“During highly agitated times, the intellectual’s duty is to keep quiet, because on these occasions it is necessary to lie and an intellectual has no such right,” stated, somewhat cynically, the philosopher Jose Ortega y Gasset (1883-1955). Though he confesses he loves the ideas of this Spaniard, “who had an extraordinary influence on me,” the social scientist Helio Jaguaribe is not an intransigent disciple, though he agrees that there is no room for lying in the discourse of thinkers, he refuses to shut up, luckily for us, especially during hard times like the present. Regarding this point, Jaguaribe, currently Dean Emeritus of Iepes (the Political and Social Studies Institute) tends to follow the teachings of his father, Francisco Jaguaribe de Matos. “He was a cultured man with a deep-rooted civil and ethical spirit. He instilled in me the ideas of love and dedication to one’s country, in the public sense.” Here one can easily recognize the thinker who, at the age of 86 (and a member of the Brazilian Academy of Letters) is neither silent nor lies. He prefers thinking about Brazil.
Born in the city of Rio de Janeiro and a lawyer by training, Jaguaribe did not only settle down into theory, so that as from 1949, he began writing the famous and prestigious Column of the Fifth Page of the Jornal do Commercio newspaper. He also used to get together with a group of intellectual friends from Rio de Janeiro and from São Paulo at the Itatiaia Park to think about the problems he witnessed everyday at the firm and that got in the way of the development of Brazilian society. In 1953, the meeting became the Brazilian Institute of Economics, Sociology and Politics. By 1955, with the help of President Café Filho, this became the celebrated Iseb (the Higher Institute of Brazilian Studies), the think-tank that developed the theory behind the notions of national-developmental. “We wanted to propose a reform project to transform Brazil, the idea of reforming capitalism with capitalism itself as our starting point.” In 1959, Jaguaribe, disagreeing with changes at Iseb, resigned from the institute. He then rolled up his sleeves and went to work on an expansion project for Companhia de Ferro and Aço de Vitória, the iron and steel enterprise that belonged to his family, an experience that taught him the tough reality of businesspeople and workers. After the military coup, he went into exile in the United States, where he taught sociology at universities as prestigious as Harvard, Stanford and the Massachusetts Institute of Technology (MIT). He returned to Brazil in 1969 and ten years later became head of Iepes. He “flirted” responsibly with the State on two occasions: in 1985, he coordinated Brazil 2000, during the José Sarney administration; and in 1992, he was the Secretary for Science and Technology in the Collor administration, leaving the post when the president was impeached.
In 1988, he helped to found PSDB, the Brazilian Social Democracy Party, and he has a candidate whom he feels will be unbeatable in the 2010 elections: the São Paulo State governor, José Serra. Jaguaribe continues to serve the country with his ideas. As, indeed, is proven by the book Brasil, mundo and homem na atualidade [Brazil, the world and man today], a selection of studies written as from 1983, published by Fundação Alexandre de Gusmão. The book, which is over 930 pages long, sums up his thoughts by means of socio-political studies, international relations articles, thoughts on Brazil, philosophical analyses and outstanding studies about personalities. It is hard to pick one out of so many profound and intelligent texts, but the following are noteworthy: Nação and nacionalismo no século XXI [Nation and nationalism in the 21st century]; Social-democracia e governabilidade [Social-democracy and governability]; “Pax americana ou ‘Pax Universalis'” [The American Peace or Universal Peace]; Aliança Argentina-Brasil [Brazil-Argentina Alliance]; A perda da Amazônia [The loss of the Amazon Region]; Brasil: o que fazer? [Brazil: What should be done?]; Universalidade and razão ocidental [Universality and western reason]; Depoimento sobre o Iseb [Testimonial on Iseb]; Ortega y Gasset: vida and obra [Ortega y Gasset, life and works] and Celso Furtado: teoria and prática do desenvolvimento [Celso Furtado: development theory and practice]. These, among others, are proof of Jaguaribe’s sharp and restless mind.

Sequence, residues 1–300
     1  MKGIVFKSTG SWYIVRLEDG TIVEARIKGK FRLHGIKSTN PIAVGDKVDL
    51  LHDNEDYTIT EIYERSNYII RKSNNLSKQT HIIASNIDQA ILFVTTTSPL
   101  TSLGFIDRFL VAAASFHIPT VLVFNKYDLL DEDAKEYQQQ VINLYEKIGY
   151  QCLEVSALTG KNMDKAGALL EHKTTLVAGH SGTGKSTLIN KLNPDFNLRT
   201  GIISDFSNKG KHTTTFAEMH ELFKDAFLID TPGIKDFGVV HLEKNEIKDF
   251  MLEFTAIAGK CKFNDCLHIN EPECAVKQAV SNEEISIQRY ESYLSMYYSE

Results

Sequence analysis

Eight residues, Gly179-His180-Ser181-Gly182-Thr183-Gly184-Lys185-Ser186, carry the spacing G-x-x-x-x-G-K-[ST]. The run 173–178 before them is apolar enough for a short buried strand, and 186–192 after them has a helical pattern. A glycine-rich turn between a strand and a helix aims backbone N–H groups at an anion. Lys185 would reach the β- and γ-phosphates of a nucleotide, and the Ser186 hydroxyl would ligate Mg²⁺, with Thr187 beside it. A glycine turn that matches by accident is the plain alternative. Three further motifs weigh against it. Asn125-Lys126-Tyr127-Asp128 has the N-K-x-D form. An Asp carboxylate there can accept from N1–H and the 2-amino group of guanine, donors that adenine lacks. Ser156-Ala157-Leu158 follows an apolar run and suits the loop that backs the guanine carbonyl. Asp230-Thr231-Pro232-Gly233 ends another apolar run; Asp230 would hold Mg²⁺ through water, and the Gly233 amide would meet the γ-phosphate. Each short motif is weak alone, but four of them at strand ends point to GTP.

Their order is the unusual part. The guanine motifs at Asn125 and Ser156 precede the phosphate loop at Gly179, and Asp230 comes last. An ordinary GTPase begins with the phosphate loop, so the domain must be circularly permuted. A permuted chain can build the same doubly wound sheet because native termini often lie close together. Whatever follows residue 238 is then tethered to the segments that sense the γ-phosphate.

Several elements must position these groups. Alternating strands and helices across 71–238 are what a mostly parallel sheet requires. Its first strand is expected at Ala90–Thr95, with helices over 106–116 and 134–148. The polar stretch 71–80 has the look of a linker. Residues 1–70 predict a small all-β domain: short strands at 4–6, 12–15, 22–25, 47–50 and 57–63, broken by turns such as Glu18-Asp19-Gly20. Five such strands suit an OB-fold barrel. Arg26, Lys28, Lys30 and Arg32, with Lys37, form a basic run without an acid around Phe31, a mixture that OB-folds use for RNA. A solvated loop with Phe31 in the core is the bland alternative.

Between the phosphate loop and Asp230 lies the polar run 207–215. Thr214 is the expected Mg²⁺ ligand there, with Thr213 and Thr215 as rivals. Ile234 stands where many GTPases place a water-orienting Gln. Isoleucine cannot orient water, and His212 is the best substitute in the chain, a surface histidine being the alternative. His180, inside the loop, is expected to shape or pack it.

It follows that, in order to define him better, one must resort to another statement of Ortega y Gasset: “It is immoral to pretend that a desired thing comes true magically, just because we want it. Desire is only moral when it goes hand in hand with the rigorous will to provide the means for it to come true.”
At the age of 86, you have never stopped analyzing Brazil. Has anything about our present surprised you?
There aren’t many surprises, because the course of events was more or less what I had forecast. I would say that Brazil’s situation is reasonable, far from awful and far from excellent. It is reasonable because Brazil safeguards something precious: its national unity, because we’re a country with an enormous sense of national unity. Social relations have also improved; the country is incorporating, albeit more sluggishly than one would wish, the marginalized masses; but it’s going in the right direction. We are undergoing reasonable technical, economic and cultural growth, so Brazil is not a country whose future is a matter of great concern; on the contrary, it has a highly promising future and enjoys a reasonable present. In this sense, I’m fairly optimistic about Brazil. What makes us an effective country is that as soon as it becomes independent from individual wishes, there is a collective process under way. What lends great stability to Brazil is not that it is a country with one major guideline, in which a specific phenomenon is helping it along. No: we’re a country whose routine points in the right direction. Sustainable development is done routinely.